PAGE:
For decades, beauty brands have been promising that their creams, lotions, and potions will work miracles, virtually erasing crow’s feet and lifting sagging skin. But women are no longer buying it. Once a leader in the category, anti-aging skincare is now the weakest performing segment. A recent survey found that 24% of women frequently don’t get the results they want from skin care products and almost a third reported that they have several bottles of partially used products taking up space on their make-up tables.
So, what do women want from their skincare products? “There’s an overall market shift taking place in skincare, “ says Andrea Van Dam, CEO of Women’s Marketing. “Women are doing their research. Widespread use of the internet and social media has resulted in women becoming more informed and knowledgeable shoppers. They’re concerned about ingredient safety, increasingly aware of the latest world-wide beauty trends, and are paralyzed by too many choices. They want natural products, prestige trends at mass market prices, and more effective tools to help them navigate the skincare aisle,” she advises.
Demand for Natural Skin Care Increases
Research shows that 59% of women read beauty product labels to identify harmful ingredients prior to purchase. Sulfates, parabens, and synthetic fragrances top the list of chemicals women want to avoid. “Nearly one-in-four women say it’s very important their skin care purchases are all-natural, this is even more pronounced with women in the 18-34 demographic. Researchers found 63% of Millennial women believe it’s ‘very important’ to buy natural skincare products and they actively seek them out,” Van Dam says. “Right now a key group is dissatisfied with the range of natural options—17% of department store customers, 14% of specialty drug and grocery shoppers, and 13% of mass market drug consumers are unsatisfied with the volume of green beauty products offered,” Van Dam continues.
“There’s a growing and sustainable lifestyle movement in health and wellness that is affecting all verticals. Beauty is such an important category for women that it’s no surprise the impact of the trend will be tremendous. This presents an unprecedented opportunity for both brands and retailers to position themselves as leaders by responding to consumer demand,” explains Van Dam.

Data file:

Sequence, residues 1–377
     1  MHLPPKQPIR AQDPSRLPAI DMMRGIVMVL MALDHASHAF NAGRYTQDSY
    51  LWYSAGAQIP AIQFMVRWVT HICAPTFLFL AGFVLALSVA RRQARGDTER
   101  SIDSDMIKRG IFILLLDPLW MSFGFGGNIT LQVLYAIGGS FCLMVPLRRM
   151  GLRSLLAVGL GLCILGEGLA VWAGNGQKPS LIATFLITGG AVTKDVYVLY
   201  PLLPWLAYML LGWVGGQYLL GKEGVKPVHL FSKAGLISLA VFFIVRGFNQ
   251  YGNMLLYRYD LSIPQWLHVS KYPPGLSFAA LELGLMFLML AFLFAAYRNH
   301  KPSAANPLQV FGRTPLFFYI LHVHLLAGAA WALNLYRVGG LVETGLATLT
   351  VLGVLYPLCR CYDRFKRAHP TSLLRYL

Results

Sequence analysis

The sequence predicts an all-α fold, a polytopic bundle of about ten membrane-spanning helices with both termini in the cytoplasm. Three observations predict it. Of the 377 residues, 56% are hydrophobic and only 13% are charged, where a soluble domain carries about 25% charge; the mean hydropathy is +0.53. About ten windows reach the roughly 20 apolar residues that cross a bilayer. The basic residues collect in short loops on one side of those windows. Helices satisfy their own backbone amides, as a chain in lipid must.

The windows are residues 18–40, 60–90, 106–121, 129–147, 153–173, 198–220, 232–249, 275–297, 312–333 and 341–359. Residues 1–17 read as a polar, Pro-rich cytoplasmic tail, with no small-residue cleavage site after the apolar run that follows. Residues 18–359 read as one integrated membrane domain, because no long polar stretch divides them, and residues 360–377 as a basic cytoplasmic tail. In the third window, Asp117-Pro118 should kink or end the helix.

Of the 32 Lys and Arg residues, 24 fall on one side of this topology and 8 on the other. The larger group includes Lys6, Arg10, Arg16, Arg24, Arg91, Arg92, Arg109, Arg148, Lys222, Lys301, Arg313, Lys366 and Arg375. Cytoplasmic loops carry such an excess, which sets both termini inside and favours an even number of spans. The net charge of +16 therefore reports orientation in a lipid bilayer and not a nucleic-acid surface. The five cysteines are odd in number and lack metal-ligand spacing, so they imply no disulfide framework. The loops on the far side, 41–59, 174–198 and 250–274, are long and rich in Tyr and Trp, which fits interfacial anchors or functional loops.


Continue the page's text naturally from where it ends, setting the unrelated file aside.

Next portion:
Prestige Skin Care Marketing Trends Migrating to Mass Market
Social media and the internet have given women access to global beauty trends. “YouTube influencers are giving women the same access to the latest innovations in make-up and skincare and driving demand in the U.S.,” Van Dam says. “The Asian beauty trend is just one example. Interest in Asian-inspired skincare trends such as cushion compacts and single-use sheet masques could boost category spending,” she said. “While high penetration items, like face wash and lip balm, have historically done very well at mass market, consumers have been turning to prestige brands for specialty skincare purchases,” Van Dam explains.
The fact that shoppers are relying on higher-priced brands for specialty facial skincare items poses both a challenge and an opportunity for retailers. “Specialty skincare users are generally the most engaged in the category. Mass market brands that offer the same benefits as luxury products will be better perceived by the consumer and more likely to get her attention,” Van Dam advises.
Shopping for Skin Care: Better Tools to Navigate the Category
A recurring theme in the facial skincare category and, even across the broader personal care category, is the need for tools to help shoppers navigate. “Women are overwhelmed with choices. They are exposed to more than 5,000 brand messages every day. Breaking through the clutter and sending the right message at the moment of interest is the only way that emerging and ambitious established brands will be able to succeed in this crowded category,” Van Dam warns. “From a retailer perspective, brands may want to consider shelving products by benefit and highlighting top performers within each skincare segment to more easily direct shoppers to what they need,” she suggests.
“Overall, all these factors have contributed to changing category dynamics,” says Van Dam, “Looking forward, the category may need to further segment to reflect the needs, and wants, of skincare consumers.”
Sources: Facial Skincare and Anti-Aging US, May 2015; Green Beauty Barometer 2015